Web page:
TAX DAY IS ALMOST here, and I have a feeling that some of you may be less than excited. The cash that changes hands every year around this time gets a lot of attention, but it tells an incomplete story. The size of the check you write—or the refund you’re receiving—doesn’t, by itself, say much of anything about your tax situation.
Back in the days before technology made transferring money so convenient, did you ever let a tab run both ways with a friend? Perhaps you were traveling and decided to take turns paying for meals, and then settled up any difference at the end of the trip. Just by looking at the cash that changes hands when it’s time to settle up, you wouldn’t know whether every meal had been a pricey fine-dining experience or gas station sushi. All you would know is whether you did a good job of taking turns paying and keeping the difference low.
Ditto for your tax refund or the sum owed.
Your total tax liability is a convoluted function of many factors—certainly the amount of income and the deductions that reduce it, but also the types of income, the corresponding tax rates that apply, and the credits that reduce your tax bill dollar for dollar. In many cases, the applicability of these factors depends on your income level—because some of them gradually phase in or out.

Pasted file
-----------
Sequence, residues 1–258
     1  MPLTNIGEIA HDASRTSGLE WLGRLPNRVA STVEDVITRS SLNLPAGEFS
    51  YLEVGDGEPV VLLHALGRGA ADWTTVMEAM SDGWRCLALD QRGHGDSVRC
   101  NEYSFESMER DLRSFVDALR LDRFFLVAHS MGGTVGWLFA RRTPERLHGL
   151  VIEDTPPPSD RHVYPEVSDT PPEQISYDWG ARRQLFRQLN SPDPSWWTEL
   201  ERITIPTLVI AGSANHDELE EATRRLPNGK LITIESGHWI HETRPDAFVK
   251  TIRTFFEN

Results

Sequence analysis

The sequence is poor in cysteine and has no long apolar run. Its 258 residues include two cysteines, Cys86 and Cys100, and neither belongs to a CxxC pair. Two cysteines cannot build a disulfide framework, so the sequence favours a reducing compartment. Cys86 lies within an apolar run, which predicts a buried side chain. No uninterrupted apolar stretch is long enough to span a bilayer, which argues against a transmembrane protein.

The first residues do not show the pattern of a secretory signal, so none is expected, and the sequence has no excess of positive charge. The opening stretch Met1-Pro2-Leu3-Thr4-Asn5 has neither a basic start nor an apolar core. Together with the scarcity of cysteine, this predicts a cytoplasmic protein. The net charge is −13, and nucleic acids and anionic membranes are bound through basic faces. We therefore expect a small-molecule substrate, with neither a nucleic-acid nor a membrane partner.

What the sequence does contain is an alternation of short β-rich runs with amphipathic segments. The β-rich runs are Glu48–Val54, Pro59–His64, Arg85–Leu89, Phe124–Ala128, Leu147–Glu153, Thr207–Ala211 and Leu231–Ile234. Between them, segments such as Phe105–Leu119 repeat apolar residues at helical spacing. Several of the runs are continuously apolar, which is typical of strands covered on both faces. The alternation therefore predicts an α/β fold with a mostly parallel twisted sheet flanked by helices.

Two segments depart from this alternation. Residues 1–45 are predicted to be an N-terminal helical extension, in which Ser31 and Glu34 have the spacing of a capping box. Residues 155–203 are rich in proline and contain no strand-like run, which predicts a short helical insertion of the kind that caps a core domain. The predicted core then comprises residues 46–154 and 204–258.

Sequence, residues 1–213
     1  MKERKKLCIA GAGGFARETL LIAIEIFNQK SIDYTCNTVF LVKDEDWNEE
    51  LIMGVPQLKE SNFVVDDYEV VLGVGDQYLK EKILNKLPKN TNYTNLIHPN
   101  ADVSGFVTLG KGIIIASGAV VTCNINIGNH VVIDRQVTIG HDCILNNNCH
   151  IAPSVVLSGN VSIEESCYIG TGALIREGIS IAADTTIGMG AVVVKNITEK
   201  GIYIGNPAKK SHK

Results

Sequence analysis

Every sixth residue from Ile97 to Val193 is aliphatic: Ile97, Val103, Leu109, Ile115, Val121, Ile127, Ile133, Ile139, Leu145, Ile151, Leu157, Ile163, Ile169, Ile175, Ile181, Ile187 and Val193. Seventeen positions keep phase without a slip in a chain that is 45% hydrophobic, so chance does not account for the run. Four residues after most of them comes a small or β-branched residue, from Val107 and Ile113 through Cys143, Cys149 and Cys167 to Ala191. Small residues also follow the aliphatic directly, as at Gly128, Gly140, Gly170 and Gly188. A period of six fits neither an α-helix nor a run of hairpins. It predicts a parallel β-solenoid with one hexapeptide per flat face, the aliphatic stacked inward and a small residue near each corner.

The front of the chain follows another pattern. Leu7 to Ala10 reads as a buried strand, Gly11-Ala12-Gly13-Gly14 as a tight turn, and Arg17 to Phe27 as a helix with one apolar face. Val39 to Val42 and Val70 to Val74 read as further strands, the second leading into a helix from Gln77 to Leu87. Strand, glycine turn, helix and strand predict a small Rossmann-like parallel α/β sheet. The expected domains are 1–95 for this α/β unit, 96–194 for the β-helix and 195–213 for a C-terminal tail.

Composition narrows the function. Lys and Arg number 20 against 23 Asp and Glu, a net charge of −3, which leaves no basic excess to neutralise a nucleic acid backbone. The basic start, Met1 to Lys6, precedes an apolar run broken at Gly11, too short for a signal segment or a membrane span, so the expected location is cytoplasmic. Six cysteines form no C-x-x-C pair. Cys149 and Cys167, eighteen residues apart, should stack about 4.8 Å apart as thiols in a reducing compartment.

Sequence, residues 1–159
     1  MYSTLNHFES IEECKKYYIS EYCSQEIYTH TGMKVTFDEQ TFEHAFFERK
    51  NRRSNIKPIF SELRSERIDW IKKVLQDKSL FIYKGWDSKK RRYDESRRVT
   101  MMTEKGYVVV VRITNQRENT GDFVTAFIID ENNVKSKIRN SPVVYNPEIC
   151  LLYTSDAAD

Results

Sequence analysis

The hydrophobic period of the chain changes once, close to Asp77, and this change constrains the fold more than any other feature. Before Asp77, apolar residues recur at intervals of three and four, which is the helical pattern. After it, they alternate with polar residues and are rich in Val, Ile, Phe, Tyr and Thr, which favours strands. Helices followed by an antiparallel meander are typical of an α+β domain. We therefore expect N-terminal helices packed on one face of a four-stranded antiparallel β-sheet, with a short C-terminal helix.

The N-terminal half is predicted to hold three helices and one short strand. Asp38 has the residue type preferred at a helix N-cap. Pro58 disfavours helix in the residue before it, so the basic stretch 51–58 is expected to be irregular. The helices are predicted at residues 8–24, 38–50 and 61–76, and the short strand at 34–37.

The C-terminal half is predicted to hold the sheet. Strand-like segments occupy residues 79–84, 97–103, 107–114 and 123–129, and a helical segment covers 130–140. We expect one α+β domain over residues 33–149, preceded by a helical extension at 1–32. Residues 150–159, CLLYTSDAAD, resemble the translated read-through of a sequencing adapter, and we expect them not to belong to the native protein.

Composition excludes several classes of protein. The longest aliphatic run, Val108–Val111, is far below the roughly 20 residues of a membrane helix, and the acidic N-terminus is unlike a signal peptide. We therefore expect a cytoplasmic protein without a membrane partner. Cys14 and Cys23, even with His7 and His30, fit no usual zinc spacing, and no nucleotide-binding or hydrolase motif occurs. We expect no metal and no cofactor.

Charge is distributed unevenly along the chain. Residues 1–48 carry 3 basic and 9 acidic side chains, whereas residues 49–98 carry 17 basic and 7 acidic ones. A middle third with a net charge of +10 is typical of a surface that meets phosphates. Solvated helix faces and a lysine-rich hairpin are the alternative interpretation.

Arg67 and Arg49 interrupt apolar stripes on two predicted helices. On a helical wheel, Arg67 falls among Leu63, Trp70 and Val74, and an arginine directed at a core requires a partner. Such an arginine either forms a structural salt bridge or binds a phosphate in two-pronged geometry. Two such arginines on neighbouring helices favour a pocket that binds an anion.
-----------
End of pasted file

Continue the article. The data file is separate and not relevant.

The big question is, how well have you been taking turns paying throughout the year with your friend, the IRS? How did you complete your Form W-4 Employee’s Withholding Certificate? How much withholding did you have on retirement plan withdrawals or annuity payments? If you had income from investments, asset sales or self-employment, did you make quarterly estimated tax payments and, if so, how much?
It’s tempting to look at the tax brackets, find your marginal ordinary rate and think that tells your tax story. But even tax brackets tell an incomplete story. The only way to know your true tax burden is to divide your total tax minus any credits (Form 1040’s line 24 less any credits included on line 32) by your taxable income (line 15). That’ll give you your effective tax rate.
April 15th—18th this year—is simply the one day each year that you settle up with the IRS. If the cash flow on this day is small, that means you accurately predicted how things would fall out. That’s great but not always possible. If it’s large, maybe there were surprises or maybe you chose to wait as long as possible to pay. My approach: I try to get my withholding reasonably close to my total tax owed. But I don’t sweat it.